The Drug Treatment Court takes its place in the queue for resources, like everyone else: “Of course we would like a lot more of these people clean but we’ve no right of access to any better facilities for drug treatment than anyone else in the public system. We’re completely reliant on the public system to access detox beds or any of that sort of stuff. We don’t have a head start for our participants.

“I suppose on another level that makes sense, you don’t want to have a situation where someone commits a crime to get a detox bed.”

Unsuitable

The court also has a huge wash-out rate. Around a third of referrals are discharged for breaking the rules or not making enough progress. Even more are not allowed in because they are judged unsuitable by the assessment team.

“Generally speaking the ones who do better on our programme are the ones with a little bit of life experience who have reached the point in their life where they’re ready to give up. The average is the early 30s for that but you also have people in their 40s and 50s. Most young people are having too much of a good time. They bounce back too quickly.

“We also see a lot more men than women. The women generally have many more problems when they come to us. Typically there are abusive partners and children into the mix. Generally the men don’t get involved in the children at all and they’re in a position to focus on their own recovery.”

The Courts Service states only non-violent offenders are accepted, although Ward says a conviction for violence is not necessarily a barrier to entry, but there are limits. If someone is habitually caught with knives or needles, they are unlikely to be admitted.

“We have to protect the staff who will be meeting them one-to-one. We wouldn’t be worried generally about a once-off but if there’s a pattern of, say, using weaponry, that would be an issue.”

There are also concerns about users who are not seriously trying to give up drugs, or who may be simply seeking to delay an inevitable jail sentence.

“There’s always a bit of concern, especially in the bronze phase, about whether people are legit or not. But we’ll spot that very quickly, especially in the school,” he said.

A large part of the programme centres on attending school in the Parnell Adult Learning Centre – which puts people on a path to a qualification, offers a day-to-day purpose, and lets court staff monitor them.

Empathetic judges

However, drug users are useful to those who sometimes even try to get themselves referred to the court to use it as an opportunity to sell drugs to them: “We do get a sense of one or two guys trying to get in to push drugs.

“This is a ready market. We’re very hot on that. We’ll be able to tell very quickly. There’ll be suspicious behaviour and we’re able to pick up on that,” he said.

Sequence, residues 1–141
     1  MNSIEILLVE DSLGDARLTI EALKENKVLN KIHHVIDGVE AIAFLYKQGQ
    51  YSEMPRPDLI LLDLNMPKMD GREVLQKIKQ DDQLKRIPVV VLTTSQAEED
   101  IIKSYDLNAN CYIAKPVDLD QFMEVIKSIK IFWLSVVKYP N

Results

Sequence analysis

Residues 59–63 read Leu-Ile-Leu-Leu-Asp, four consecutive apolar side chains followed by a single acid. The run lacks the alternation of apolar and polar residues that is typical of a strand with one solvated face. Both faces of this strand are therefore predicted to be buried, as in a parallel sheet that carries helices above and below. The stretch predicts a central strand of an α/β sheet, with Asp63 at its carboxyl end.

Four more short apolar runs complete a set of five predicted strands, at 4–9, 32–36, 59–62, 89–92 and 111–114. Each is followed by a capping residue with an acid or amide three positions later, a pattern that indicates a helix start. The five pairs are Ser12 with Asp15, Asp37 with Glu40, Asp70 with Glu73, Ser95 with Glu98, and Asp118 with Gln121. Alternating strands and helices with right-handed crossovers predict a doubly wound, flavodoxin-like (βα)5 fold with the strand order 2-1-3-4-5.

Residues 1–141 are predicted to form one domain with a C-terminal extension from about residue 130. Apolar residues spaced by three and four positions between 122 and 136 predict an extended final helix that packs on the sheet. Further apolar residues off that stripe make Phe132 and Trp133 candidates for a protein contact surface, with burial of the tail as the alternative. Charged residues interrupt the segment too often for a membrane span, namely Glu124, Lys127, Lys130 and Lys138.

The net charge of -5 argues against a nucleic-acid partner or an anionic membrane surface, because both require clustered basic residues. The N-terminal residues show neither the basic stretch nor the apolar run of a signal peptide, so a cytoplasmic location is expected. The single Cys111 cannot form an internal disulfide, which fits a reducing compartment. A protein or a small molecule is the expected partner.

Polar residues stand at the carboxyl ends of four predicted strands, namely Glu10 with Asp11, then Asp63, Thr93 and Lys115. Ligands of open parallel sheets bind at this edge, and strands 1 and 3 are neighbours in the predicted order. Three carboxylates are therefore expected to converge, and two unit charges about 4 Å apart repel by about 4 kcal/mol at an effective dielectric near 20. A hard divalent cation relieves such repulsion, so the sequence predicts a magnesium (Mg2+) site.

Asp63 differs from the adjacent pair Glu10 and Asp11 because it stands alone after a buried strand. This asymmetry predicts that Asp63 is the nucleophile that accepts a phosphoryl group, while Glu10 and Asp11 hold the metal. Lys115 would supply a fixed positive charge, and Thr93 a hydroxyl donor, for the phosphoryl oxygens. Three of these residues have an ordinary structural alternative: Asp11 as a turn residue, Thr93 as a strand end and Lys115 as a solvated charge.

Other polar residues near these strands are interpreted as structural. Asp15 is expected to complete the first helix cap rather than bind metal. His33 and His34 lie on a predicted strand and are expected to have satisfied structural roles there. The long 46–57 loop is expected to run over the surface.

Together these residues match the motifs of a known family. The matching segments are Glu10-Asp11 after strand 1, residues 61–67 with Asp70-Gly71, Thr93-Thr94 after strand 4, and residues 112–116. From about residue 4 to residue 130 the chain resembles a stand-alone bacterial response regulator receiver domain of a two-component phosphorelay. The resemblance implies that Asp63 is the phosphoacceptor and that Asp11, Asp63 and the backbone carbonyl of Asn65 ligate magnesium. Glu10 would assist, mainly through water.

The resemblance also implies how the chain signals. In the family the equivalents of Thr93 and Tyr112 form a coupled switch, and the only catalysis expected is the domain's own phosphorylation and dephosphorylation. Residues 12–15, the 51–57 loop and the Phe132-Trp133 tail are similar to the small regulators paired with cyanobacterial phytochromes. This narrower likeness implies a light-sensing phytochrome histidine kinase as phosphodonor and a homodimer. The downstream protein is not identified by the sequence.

Other problems have arisen along the way. DTC judges are taken from the District Court bench where they are more used to imposing quick sentences, sometimes dozens of times a day.

However, their role in the DTC is more akin to a social worker who has to cajole and praise those who come before them, who need to learn that recovery from addiction is rarely a straight line.

“It’s definitely a very different skill set to what they’re used to,” said Ward. “Like all these things there are some judges better at it than others. The key thing is they have the interest and enthusiasm for it and they take on board the information the team are giving them. Because really, though the judge is the leader, it’s a team effort.

“Judge [Ann] Ryan was particularly good, she had good empathy and could put herself in the shoes of the people before her. The nature of the District Court it there is a lot of pressure to deal with things expeditiously and also consistently. That can be difficult when you’ve a lot of grey areas around recovery.”

Civic solicitors

The DTC has implications for others, too in the courts world. Most drug addicts qualify for legal aid, which means their solicitor is paid for each court appearance.

So solicitors miss out on business if clients go down the DTC route as lawyers are not usually required in the court unless there is a specific legal issue.

“But in fairness there are enough solicitors out there who are civic-minded enough and interested enough to say to their clients, ‘Listen there’s a better way of doing things here than constantly coming up on charges.’ The key thing is that somebody has to speak up in court to say, ‘Tom or Jack would be a good candidate for the DTC’.”

The success rate of the DTC remains low but the numbers are going in the right direction, said Ward, who treasures the days when some of the court’s charges graduate.

“There’s a big ceremony in front of all their mates and the whole court where the judge will ceremoniously strike out all the charges against them. Each team member says something personal about the graduate personally. Then they’re invited to sit in the judge’s chair and make a short speech. There are plenty of bad days but the graduations are definitely a good day.”